In the exemplary network of
A potential advantage to the clique heuristic is that frequency can play a useful role in coloring. That is, while neighboring cliques must be on different time slots, cliques 2 hops apart can be on the same slot as long as they are on different channels. However, for many topologies this will make no difference since a lower bound on the number of slots required to color every clique is the maximum degree of any clique vertex plus 1. For instance, clique I of
Cliques can be created using a list of neighbors and a list of each neighbor's neighbors. To generate the cliques that a node is a member of, a node must consider all combinations of its node identification (id) (a node id is a numerical tag or name given to each network node to distinguish it from other network nodes) with those ids of its neighbors (using its neighbor list) and the node must examine each combination for complete connectedness (using each neighbor's list of neighbors). One such algorithm involves a depth-first walk of the tree rooted at the node id whose branches represent a systematic growth of every possible clique by adding neighbors in every possible order (i.e. every combination and permutation). Since this has time complexity O(n!), two optimizations are made to trim fruitless branches and reduce this to O(2n). These optimizations are:
As an example, this algorithm is applied to the network depicted in
The implementation to determine the cliques is a traditional recursive depth-first tree walk with the addition of the two optimizations. A neighbor id is represented as a bit position in an array so that the logical OR function can create a set using the member id's to allow fast manipulations and comparisons of neighbor lists and cliques. The label on each branch is in fact the bit map of the current clique.
The first optimization (adding only eligible neighbors to the current clique) results from the logical AND function between the neighbor lists of the current members. The second optimization (trimming subtrees that have already been traversed) results from adding the neighbors in order of increasing id. This guarantees that subtrees of a particular height will be searched in order of the roots' labels, making it possible to recognize duplicate subtrees by merely keeping track of the largest label encountered at a particular level.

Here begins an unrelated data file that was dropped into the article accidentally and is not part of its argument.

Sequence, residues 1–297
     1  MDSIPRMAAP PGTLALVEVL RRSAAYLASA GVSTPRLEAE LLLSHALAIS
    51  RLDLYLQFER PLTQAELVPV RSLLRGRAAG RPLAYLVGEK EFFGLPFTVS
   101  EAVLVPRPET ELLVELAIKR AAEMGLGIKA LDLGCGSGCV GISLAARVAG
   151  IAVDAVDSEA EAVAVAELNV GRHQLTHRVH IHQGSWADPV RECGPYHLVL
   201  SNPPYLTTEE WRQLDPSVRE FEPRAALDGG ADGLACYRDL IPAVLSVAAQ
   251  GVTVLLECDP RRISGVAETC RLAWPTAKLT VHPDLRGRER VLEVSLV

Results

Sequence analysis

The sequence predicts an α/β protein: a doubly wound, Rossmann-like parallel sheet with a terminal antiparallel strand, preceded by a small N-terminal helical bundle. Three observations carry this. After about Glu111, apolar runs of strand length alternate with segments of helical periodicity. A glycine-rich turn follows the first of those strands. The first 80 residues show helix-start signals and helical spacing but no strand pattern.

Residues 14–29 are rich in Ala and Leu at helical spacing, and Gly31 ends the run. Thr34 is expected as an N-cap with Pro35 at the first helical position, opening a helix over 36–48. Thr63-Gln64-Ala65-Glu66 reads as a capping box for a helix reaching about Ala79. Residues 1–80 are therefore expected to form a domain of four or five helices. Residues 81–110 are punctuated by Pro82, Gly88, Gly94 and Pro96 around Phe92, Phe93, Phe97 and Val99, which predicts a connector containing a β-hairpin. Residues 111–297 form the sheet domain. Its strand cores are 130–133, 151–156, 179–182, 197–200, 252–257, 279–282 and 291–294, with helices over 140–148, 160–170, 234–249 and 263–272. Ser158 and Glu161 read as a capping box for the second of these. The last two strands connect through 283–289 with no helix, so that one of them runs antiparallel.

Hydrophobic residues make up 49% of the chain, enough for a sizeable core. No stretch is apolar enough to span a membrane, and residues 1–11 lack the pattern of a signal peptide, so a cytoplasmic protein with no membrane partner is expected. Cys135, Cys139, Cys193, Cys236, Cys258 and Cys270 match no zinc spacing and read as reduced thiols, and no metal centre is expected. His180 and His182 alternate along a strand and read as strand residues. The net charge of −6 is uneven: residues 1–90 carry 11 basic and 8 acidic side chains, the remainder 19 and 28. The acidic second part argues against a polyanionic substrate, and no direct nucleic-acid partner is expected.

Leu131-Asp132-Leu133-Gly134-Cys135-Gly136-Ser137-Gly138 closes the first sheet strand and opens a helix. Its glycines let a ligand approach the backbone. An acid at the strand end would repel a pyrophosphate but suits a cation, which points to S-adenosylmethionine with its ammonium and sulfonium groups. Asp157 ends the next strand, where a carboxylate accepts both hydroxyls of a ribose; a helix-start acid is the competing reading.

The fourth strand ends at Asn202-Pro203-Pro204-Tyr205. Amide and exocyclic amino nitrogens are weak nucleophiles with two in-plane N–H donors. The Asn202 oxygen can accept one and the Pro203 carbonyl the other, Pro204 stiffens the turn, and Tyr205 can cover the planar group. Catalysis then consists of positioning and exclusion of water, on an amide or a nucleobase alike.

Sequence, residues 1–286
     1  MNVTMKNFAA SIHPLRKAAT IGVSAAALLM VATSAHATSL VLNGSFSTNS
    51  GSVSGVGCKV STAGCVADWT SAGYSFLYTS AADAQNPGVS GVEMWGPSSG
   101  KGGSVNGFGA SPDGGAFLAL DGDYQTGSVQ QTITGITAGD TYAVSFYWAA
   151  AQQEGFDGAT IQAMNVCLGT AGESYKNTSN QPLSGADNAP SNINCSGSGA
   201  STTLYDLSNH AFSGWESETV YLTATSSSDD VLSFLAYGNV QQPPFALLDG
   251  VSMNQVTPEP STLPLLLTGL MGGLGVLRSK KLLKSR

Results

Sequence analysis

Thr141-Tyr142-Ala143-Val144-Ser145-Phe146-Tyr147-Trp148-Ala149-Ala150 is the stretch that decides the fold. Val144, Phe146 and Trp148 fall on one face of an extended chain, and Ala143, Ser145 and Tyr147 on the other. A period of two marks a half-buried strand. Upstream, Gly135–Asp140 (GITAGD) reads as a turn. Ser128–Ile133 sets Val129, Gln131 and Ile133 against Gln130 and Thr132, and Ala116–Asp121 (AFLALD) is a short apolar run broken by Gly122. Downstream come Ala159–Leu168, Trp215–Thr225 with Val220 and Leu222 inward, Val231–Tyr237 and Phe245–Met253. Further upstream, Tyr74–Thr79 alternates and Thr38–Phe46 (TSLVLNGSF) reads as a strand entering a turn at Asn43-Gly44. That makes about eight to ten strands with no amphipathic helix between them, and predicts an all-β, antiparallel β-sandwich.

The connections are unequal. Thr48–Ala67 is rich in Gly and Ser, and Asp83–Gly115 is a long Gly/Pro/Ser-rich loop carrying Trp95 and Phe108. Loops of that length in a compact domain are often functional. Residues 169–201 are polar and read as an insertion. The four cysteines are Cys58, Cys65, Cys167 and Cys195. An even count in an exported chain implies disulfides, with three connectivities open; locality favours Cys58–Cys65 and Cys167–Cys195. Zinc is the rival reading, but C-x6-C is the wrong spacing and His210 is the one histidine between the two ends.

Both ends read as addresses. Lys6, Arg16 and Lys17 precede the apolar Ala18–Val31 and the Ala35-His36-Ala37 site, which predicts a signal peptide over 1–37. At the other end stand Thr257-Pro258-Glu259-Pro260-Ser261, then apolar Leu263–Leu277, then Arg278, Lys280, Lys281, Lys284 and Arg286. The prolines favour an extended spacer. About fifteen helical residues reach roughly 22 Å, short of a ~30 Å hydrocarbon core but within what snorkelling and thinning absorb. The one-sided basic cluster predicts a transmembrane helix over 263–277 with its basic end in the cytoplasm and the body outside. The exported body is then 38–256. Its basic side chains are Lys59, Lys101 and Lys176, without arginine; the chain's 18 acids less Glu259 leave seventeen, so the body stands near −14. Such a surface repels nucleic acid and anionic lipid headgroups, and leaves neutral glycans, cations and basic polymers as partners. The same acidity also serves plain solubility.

Thus, the pseudocode of the algorithm for finding the set of cliques C which node i belongs to is as follows:
In the process of finding all maximal size cliques, this algorithm generates all cliques of smaller sizes. This is equivalent to summing binomial coefficients, yielding 2n such cliques in a fully connected network of size n, which is the worst case running time for this algorithm. Thus, the time complexity is at least O(2n). This is not surprising since the problem of finding a clique of maximum size in a graph is NP-complete. This does not prevent the algorithm from being useful for the topologies typically encountered by Soldier Phone, where a neighborhood of 16 nodes or less is normal. In an alternative embodiment, denser networks can be handled by limiting the number of neighbors that any node will accept.
Assuming that CAMA will be restricted to a single channel, the slot assignment is as follows. It occurs in 3 synchronized phases at each node:
Note that in phase 2 each member of a clique independently chooses the slot to be used for that clique, so that they must have exactly the same information to arrive at the same choice. This information is just that required to enforce the distance 2 vertex-coloring of the clique graph. It is shared between nodes as part of the net management operational packet (NMOP) broadcast periodically by each node to all of its neighbors, the NMOP includes: